Turkey’s government, under Islamist leadership, has developed a remarkable but obscure tactic to make inroads into the United States.
Recently, Native American Congressman Tom Cole (R-OK, member of the Chickasaw Nation) introduced H.R. 2362, the Indian Trade and Investment Demonstration Project. The bill singles out Turkish-owned companies for exclusive investment preferences and special rights in Native American tribal area projects.
Congressman Cole freely admitted the following on the House floor:
There’s no question that I was approached by the Turkish American Coalition [properly the Turkish Coalition of America], who have a deep interest in Turkey and American Indians.
“Deep interest” indeed. The bill was the culmination of a curious multi-year effort by Turkey to ingratiate itself with Native American tribes: tribal students now study in Turkey with full scholarships; Turkish high officials regularly appear at Native American economic summits; and dozens of tribal leaders have gone to Turkey on lavish all-expense paid trips.
Why the intense interest in business and cultural ties with Native American tribes only now, when Turkish Prime Minister Recep Tayyip Erdogan and his Islamist Justice and Development party (AKP) have taken Turkey down a path of aggressive and dangerous Islamism?
Evidence from Uzbekistan points to a possible nefarious motive: Infiltration and Islamization. The government of Uzbekistan is claiming that private Turkish business interests in the Central Asian country have been acting as a front for banned Islamist extremists. According to Agence France-Presse:
[The Uzbek government is] accusing Turkish companies of creating a shadow economy, using double accounting and propagating nationalistic and extremist ideology. … Long wary of the influence of Islamic fundamentalism … secular authorities appear to be linking Turkish private business to the activities of the Nurcus, an Islamic group that is banned in the country. [Nurcus is also banned in Russia].
Is it really in America’s national security interests to have thousands of Turkish contractors and their families flooding into America’s heartland and settling in semi-autonomous zones out of the reach of American authorities? Especially if their intent is to form intimate business and social ties with a long-aggrieved minority group?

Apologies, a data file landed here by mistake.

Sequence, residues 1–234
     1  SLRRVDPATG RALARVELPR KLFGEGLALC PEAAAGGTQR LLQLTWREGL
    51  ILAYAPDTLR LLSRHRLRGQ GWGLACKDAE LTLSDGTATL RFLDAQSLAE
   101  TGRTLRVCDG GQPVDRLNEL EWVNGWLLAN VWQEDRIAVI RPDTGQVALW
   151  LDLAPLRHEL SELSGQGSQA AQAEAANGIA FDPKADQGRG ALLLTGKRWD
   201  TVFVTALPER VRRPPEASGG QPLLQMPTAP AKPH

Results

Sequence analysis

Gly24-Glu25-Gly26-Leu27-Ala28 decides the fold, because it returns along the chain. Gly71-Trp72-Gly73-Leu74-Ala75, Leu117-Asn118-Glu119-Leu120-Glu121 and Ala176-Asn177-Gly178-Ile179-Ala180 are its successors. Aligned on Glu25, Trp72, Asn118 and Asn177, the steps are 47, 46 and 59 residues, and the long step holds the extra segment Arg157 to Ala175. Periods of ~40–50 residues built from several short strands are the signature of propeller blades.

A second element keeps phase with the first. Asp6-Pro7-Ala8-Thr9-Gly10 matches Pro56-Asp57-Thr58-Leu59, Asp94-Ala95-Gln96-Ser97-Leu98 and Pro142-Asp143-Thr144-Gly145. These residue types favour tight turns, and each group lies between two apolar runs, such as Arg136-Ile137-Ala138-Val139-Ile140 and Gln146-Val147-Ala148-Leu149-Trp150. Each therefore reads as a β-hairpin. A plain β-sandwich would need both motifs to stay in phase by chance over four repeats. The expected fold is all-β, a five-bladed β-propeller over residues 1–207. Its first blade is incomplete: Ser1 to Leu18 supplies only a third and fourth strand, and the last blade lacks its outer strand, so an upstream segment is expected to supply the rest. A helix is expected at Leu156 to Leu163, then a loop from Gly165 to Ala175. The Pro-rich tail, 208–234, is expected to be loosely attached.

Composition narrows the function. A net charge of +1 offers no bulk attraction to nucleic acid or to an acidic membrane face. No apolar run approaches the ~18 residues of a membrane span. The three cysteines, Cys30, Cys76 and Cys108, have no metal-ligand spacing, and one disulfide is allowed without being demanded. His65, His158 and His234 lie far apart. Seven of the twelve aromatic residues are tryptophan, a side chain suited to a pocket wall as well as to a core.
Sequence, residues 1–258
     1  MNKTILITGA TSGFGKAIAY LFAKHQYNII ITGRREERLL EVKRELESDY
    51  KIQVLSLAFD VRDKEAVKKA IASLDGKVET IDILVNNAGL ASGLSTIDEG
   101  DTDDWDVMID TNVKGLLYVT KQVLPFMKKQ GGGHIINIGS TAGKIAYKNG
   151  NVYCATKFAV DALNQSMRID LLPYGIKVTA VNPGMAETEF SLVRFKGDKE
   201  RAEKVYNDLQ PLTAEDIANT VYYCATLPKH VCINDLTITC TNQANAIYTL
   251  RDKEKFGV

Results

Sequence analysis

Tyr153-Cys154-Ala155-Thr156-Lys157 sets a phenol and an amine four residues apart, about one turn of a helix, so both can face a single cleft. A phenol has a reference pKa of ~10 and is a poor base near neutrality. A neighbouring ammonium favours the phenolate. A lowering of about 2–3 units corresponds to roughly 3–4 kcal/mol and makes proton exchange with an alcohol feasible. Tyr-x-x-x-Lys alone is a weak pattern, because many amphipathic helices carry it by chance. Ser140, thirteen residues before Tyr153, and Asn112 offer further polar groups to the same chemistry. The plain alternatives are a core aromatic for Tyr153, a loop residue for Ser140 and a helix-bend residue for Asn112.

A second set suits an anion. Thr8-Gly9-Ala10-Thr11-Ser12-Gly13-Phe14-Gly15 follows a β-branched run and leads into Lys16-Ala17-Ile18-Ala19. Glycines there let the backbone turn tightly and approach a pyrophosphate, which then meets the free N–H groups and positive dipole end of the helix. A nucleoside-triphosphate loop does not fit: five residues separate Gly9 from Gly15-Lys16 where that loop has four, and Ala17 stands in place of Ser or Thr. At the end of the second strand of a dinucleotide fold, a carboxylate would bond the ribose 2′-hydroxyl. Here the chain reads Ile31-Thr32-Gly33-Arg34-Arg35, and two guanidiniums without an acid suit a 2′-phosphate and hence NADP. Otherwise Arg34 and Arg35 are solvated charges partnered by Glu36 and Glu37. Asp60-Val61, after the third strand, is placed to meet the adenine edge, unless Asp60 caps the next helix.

H.R. 2362 was narrowly defeated on July 23, when a “suspension of the rules” vote (usually reserved for non-controversial votes with limited debate) failed to attain the required two-thirds majority. But troublingly, 220 representatives voted in favor — representing both parties and all ideological strains — with 160 opposed and 49 abstaining.
The bill could come up for a vote again, at any time.
In the original version of H.R. 2362, the stated purpose was to “encourage increased levels of commerce and economic investment [with Native American tribes] by private entities incorporated in or emanating from the Republic of Turkey.” It allowed for select Native American tribes to lease land held in trust by the United States for “a project or activity … in furtherance of a commercial partnership involving one or more private entities incorporated in or emanating from the Republic of Turkey.”
When the bill came up for a vote, its backers were forced to offer an amended version. The phrase “or other World Trade Organization (WTO) member nations” was placed after “Republic of Turkey” in the passages above.
The amended version still maintains that Congress “finds that the public and private sectors in the Republic of Turkey have demonstrated a unique interest in bolstering cultural, political, and economic relationships with Indian tribes and tribal members;” and that removing “barriers” and encouraging a “more robust relationship” between “Turkish and Indian tribal communities” is “in the interest” of “the United States-Turkey relationship.“ [Emphasis added].
These “interests” are not defined.
The bill, in both its forms, severely limits federal oversight of the investment projects, and does not even require the Department of the Interior to approve the leases. The term of the leases could stretch 75 years, effectively tying the hands of future Administrations.
Presidents would come and go. But Turkey would have a semi-permanent foothold in America’s heartland.
– – – – –The amended version of H.R. 2362 continues to single out Turkey for special treatment and, if passed, would serve as an official U.S. government endorsement of Ankara.
In the past, special considerations by the U.S. for Turkey were well-deserved. Hill staffers grew accustomed to doing favors for a secular, pro-Western Ankara that was a key strategic ally to Washington and its allies in the region.